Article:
the Carmel

The divine office

We call divine office the prayer which goes up towards God throughout the day, and which is made in the name of the Church. In Thérèse's time, it was sung or recited by priests and by certain religious communities. Today, it is also offered to everyone, because it is the prayer of the people of God. In the 19th century, "the Office" or more familiarly the breviary as they said then, included psalms, hymns, short biblical passages. The community sang and recited it in the name of the whole Church, in response to Jesus' invitation to pray unceasingly to God, his Father, as he himself did.

A breviary cover. Each volume is 23,5 cm high and 15,5 wide, for a total average weight of 1 kilo 175 grams (very heavy).

Five years before the foundation of the Carmel of Lisieux, Dom Guéranger refounded the Benedictine monastery of Solesme in 1833. He wanted to create a model of Christian community united around the liturgy of the Church. In doing so, he made the Church's official liturgy (the Mass and the liturgical hours such as Lauds and Vespers) the center of worship. He diverted piety from those many other services and devotions, such as novenas and Stations of the Cross, which had proliferated in Catholicism since the Middle Ages. (cf. John O'Malley: The Vatican II event; Lessius editions, 2011). These times of community prayer favored union with God throughout the day, in communion with humanity, in praise, supplication, adoration. Céline tells in her Tips and Souvenirs that in order to recollect herself, Thérèse then saw herself in her imagination on a desert rock, before the immensity, and there alone with Jesus, having the earth at her feet, she forgot all creatures and repeated her love to him in the terms that she did not understand, it is true, but it was enough for her to know that it gave her pleasure. It is good to remember that until the Second Vatican Council (1962-1965), the Office was celebrated in Latin, a language that most of the sisters did not know, even if there was a latin grammar, a small book of 146 pages unattractive. 

For the whole day to be sanctified, this prayer of the Church is distributed at very specific times, when all the sisters gathered together in the carmelite choir from the chapel to sing hymns, psalms, prayers, according to the established manner. This time is given to God, free of charge.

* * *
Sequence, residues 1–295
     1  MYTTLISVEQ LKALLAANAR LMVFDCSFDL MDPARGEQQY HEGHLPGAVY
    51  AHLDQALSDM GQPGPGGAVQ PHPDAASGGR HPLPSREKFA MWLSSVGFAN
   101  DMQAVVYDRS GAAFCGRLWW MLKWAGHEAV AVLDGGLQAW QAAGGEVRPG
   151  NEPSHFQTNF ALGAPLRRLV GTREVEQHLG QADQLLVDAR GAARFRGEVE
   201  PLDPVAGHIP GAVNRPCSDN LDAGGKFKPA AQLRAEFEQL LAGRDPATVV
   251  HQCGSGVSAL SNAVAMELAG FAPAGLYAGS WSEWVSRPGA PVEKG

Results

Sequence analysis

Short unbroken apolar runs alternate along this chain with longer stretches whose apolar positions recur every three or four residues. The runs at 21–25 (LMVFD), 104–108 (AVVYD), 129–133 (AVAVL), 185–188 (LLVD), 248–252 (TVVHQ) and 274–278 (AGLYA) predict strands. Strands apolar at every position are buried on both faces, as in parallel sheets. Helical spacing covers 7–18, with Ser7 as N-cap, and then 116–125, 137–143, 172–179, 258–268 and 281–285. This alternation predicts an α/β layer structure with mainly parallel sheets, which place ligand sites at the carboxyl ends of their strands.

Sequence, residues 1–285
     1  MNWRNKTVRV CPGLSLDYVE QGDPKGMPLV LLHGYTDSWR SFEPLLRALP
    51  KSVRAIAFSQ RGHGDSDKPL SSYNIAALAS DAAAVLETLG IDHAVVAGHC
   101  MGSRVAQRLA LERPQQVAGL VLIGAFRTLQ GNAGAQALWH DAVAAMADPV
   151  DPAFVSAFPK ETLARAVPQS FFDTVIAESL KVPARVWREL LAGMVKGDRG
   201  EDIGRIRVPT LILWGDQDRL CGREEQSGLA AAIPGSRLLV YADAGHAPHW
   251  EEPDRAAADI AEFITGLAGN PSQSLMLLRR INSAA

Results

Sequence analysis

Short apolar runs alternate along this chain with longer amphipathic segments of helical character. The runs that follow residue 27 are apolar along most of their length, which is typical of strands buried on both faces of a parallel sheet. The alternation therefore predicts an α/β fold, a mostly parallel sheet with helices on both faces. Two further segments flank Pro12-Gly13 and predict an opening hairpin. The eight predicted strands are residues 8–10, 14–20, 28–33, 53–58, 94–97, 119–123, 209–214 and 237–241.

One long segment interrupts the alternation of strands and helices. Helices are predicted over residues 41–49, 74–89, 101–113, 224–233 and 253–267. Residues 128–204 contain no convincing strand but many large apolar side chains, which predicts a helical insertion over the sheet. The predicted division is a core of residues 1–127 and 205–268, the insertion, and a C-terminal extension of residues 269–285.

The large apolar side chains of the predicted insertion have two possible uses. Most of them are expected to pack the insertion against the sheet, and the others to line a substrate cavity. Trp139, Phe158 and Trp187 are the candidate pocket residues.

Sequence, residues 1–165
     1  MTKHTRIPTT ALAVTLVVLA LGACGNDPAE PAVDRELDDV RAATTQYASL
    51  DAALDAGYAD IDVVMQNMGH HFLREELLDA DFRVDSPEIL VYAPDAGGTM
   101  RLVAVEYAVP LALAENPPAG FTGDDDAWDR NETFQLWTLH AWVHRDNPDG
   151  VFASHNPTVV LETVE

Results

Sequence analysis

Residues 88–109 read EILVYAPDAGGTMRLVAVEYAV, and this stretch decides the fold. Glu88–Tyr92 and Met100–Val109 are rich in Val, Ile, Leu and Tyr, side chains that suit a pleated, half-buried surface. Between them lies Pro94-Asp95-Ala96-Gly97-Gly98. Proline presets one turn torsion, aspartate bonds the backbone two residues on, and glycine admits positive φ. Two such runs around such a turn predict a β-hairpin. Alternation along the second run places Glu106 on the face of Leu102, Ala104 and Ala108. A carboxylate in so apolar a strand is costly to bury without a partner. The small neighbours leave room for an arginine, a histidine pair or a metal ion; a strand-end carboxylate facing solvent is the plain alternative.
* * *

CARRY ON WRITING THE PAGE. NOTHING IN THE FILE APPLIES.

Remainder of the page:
The office therefore included in Thérèse's time:

The 4 small Hours of Prime, Third, Sext and None, celebrated the morning after prayer.

Vespers celebrated in the early afternoon.

Office of Compline, celebrated at the end of the day after the evening recreation.

Matins early in the night, followed by Lauds.

You have to read this list by consulting here community schedule in Theresa's time.

This liturgical prayer of the community obeys rules to promote prayer for all, recollection and good order during the celebration. In Thérèse's time, the sisters entered the choir in procession and bowed deeply before the Blessed Sacrament 2 to 2, before going each on their own to their place in the stalls.

The Prioress or the one who presides gives the signal for the beginning of the office and the sisters recite double-tono (i.e. on one note) the psalms, hymns and other parts of the office. The psalm verses are alternated, i.e. the sisters on one side recite the first verse and the second verse is recited by the sisters on the other side, etc.

Certain parts of the Office are proclaimed by sisters designated in advance each week: the versicular for antiphons, singers to intone psalms or hymns, theweekly to intone the office, and to conclude it with prayer. Céline adds in her Tips that Thérèse liked to be there every week to say her prayer aloud, like priests at mass.

Here is a sketch of the general structure, without the exceptions of Sundays, feasts and solemnities:

 small hours VespersComplineMatinsLauds
Padre et Ave Maria in silence opening hymn antiphon followed by 3 psalms capitulum / response oration (same for Tierce, Sexte and None: Pater et Ave, hymn, and all that follows)Padre et Ave silently
opening antiphon followed by 5 psalms capitulum/response hymn verse antiphon and Magnificat Prayers and Our Father oration conclusion

Short reading opening pater confiteor antiphon followed by 4 psalms hymn capitulum / antiphon response and never resign antiphon prayer to the Blessed Virgin conclusion

Padre et Ave in silence inviting opening 1er nocturne hymn following the time antiphon followed by 8 to 12 psalms 3 Bible readings 2e nocturne antiphon followed by 3 psalms 3 patristic or hagiographical readings 3e nocturne antiphon and 3 psalms 3 readings of patristic absolution hymn
Padre et Ave in silence opening antiphon followed by 4 psalms antiphon followed by 3 psalms capitulum / response hymn antiphon and Benedictus conclusion

This brief table gives only a small idea of ​​the complexity of the different sections of the Office named sections. To get an idea of ​​it, it is good to leaf through the breviary itself. It is possible by clicking here to read (courageously!) the entireSunday Matins Office towards the end of the XNUMXth century.

matins sticker

Today, the structure is different: see here the celebration of the contemporary Office.

« Stay close to the Saviour. Let us consider that He is watching us, that we are keeping Him company. »

Teresa of Avila, Fri, ch.13